Sir Clive Sinclair ( or Uncle Clive as he was affectionately known) got into making computers in the late 70s when he offered the Mk 14 kit computer to electronic enthusiasts. But his first serious micro was the ZX 80 with its white plastic finish and 1k of RAM. In 1981, there followed the ZX 81 – still with 1k of memory and a mono display, this machine sold in large numbers. In 1982 the revolution in Britain really began with the launch of the Spectrum colour computer. The first 60,000 of these were 16k models, identifiable by their light grey rubber keys. This was soon followed by a 48k version with dark grey keys. By 1984 the 48k Spectrum was available in a smart new body with a “proper” keyboard – now called the Spectrum +. In 1985 a new Spectrum emerged from Spain, a 128k model looking exactly like the + but with two modes, ie 48k and 128k. The outward differences on the 128 were a large black heat sink down one side and the 128k logo on the key board.
In 1985 everything began to go wrong for Sinclair as he lost his fortune developing the C5 electric car and the ill-fated QL computer. Clive eventually sold Sinclair Research to Amstrad for 5 million pounds lock-stock and barrel. Alan Sugar took the Spectrum and dropped the QL. The Speccy, as millions of British owners knew it, gained a completely new keyboard in light grey with the bonus of a tape deck stuck on the side. It was now called the Spectrum +2. In 1987, Amstrad remodelled the Spectrum as the +2A – looking pretty much the same as the +2 but returned to its black casing. It also had some extra features like Centronics printer port and disc operating system that couldn’t be used because that was meant for the final model, the +3 which had all the +2A features minus the tape deck. It had a none-standard 3 inch drive in stead.
The Spectrum enjoyed a huge following through its life and, even today, there are still many users and collectors in the UK. Some 20,000 games were produced for it, a lot of which are hard to find now. Many of the games have been emulated and there are a lot of clones of the machine around the world. However, you can’t beat the real thing.
MK 14., Rare! Came as kit and didn’t do much. It had just 256 bytes of memory and a vacuum florescent display. You had to program it in HEX.
ZX 80., Rare! You could buy it as a kit or finished through mail order. This micro had a BASIC and with a 4k RAM pack you could at least do something with it – not a lot though! For playing arcade games it wasn’t. However, it could do simple text adventures and bits of number crunching.
ZX 81., You can still find them but rarely boxed, and usually in poor condition. However, a nice boxed machine does command a good price .Games-wise, it wasn’t much better than the ZX 80. There is also a Sinclair 16k RAM pack, and a ZX Printer for it (the thermal paper rolls are hard to get though.
SPECTRUM 16K The first and rarest of the Spectrums, came with light grey keys and the spectrum colour stripe across its lower corner against a black face. The machine had 8 colours in its display and though the graphics weren’t brilliant its speed was quick enough to handle arcades.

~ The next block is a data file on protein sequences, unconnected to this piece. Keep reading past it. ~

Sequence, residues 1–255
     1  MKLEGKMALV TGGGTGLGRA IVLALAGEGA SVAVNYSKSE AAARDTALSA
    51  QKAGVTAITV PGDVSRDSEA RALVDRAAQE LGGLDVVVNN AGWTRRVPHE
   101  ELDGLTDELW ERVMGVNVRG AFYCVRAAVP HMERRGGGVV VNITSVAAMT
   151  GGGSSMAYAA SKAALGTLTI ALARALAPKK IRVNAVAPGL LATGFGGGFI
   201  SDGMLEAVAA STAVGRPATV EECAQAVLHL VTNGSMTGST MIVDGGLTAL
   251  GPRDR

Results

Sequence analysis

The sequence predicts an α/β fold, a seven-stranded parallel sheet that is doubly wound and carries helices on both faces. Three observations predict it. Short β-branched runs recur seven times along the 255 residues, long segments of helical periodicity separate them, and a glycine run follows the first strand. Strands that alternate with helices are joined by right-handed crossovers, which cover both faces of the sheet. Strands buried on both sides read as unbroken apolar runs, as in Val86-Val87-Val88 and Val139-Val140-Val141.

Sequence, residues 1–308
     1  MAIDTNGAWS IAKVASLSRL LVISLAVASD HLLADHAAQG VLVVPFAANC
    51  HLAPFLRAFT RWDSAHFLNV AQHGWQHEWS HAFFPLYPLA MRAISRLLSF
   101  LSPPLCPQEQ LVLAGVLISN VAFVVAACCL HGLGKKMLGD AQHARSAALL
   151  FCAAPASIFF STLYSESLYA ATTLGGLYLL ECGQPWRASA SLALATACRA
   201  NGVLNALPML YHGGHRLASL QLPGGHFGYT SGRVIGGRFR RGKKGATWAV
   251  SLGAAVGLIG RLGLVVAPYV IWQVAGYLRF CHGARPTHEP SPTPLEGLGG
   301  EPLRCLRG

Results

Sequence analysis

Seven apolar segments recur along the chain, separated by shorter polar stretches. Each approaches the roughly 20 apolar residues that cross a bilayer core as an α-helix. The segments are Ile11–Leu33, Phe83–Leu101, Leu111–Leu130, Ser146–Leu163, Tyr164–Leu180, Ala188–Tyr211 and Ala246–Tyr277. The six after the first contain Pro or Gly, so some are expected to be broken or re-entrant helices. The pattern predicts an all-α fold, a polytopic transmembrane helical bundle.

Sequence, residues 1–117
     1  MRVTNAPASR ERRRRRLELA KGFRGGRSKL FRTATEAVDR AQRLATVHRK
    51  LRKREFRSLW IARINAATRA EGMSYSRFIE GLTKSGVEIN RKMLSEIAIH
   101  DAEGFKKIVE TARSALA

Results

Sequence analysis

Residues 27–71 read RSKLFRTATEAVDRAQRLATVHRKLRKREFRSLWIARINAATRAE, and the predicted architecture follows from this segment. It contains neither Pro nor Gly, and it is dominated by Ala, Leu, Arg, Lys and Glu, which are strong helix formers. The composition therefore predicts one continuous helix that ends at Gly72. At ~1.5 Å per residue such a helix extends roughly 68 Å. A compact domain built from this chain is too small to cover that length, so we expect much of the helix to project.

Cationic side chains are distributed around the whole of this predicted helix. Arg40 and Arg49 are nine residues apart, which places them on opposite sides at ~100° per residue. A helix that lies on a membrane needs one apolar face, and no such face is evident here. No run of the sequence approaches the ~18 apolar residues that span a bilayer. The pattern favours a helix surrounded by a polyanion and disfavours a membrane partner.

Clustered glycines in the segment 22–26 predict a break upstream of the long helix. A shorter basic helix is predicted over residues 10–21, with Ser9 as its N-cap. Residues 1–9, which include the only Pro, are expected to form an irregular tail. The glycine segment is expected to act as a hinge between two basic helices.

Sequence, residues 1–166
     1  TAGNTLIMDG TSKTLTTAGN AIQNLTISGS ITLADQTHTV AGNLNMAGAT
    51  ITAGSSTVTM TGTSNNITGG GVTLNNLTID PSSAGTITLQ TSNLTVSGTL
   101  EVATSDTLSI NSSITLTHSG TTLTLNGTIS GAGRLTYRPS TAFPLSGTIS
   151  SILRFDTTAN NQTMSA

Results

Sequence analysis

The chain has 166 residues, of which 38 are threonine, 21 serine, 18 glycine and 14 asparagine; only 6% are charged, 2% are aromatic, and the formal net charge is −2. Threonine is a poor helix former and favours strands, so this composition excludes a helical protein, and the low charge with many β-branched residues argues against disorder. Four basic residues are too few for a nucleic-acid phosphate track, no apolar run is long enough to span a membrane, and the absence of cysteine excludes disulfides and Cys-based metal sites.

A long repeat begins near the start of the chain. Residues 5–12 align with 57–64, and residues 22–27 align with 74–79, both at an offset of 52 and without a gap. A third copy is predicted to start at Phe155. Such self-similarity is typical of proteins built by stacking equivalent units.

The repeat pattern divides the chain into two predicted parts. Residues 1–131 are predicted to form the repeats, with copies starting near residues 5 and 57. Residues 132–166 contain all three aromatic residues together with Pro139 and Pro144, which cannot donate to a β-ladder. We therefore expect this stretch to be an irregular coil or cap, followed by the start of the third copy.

SPECTRUM 48K Fairly common, but difficult to find in mint/boxed condition. This model had the dark grey keys and extra memory but in all other respects its the same as the first Spectrum. For this model, Sinclair produced the Interface I which handled Microdrives, RS232 printer port and Networking. Interface II,which soon followed, could take Sinclair’s new cartridge games – rare in themselves.
SPECTRUM+ Fairly common but, again, difficult to find in mint/boxed condition. The + came in a new black casing with a proper keyboard. It is essentially the same as the earlier model but it did have the extra facility of a Reset switch. All the add-ons work with it ok.
SPECTRUM+128K Not so common, and even harder to find mint/boxed. Again, there is little to tell the 48k and 128k machines apart except for the heat sink down one side and the 128 logo. In operation the 128 editor is much better than the 48 but the buety of this machine was that it had a 48 mode which enabled all the early software to run on it. The other advantages were that sound was output through the TV and it had both a built-in RS232 to support MIDI and an RGB out-put. Its failing was that some of the add-ons like the Interface I wouldn’t work with it.
SPECTRUM+2 Quite common but still worth a fair price boxed/mint in the UK. This is the first Spectrum produced by Amstrad. It was grey and had a good keyboard. It also had a tape deck built onto it. In most other respects it was the same as the 128 but it did have an extra RS232 port and a pair of built-in joystick ports to take Amstrad’s very own “Sinclair” joysticks. Interestingly, Interface I actually works fine on the +2.
SPECTRUM+2A Quite common and, as above, still worth fair price boxed/mint in the UK. This machine was a big let-down on the earlier model and suffered from a dodgy display and a tendency to crash. However, most of the faults were put right on later issues. Apart from the edition of a Centronics printer port and the fact that it was returned to its black casing there’s nothing much one can say about it.
SPECTRUM+3 In mint/boxed condition its a hard one to find but they do turn up. You can still find well-worn examples but usually the disk drive is naff! Apart from the disk drive and an extra port to take drive B as an add-on, there’s little difference from the +2A. However, the disk system dos make it functionally better. It should be added, not surprisingly, that Interface I didn’t work with this model or the +2A unless you got a devise known as the Fixit from MGT – now long gone.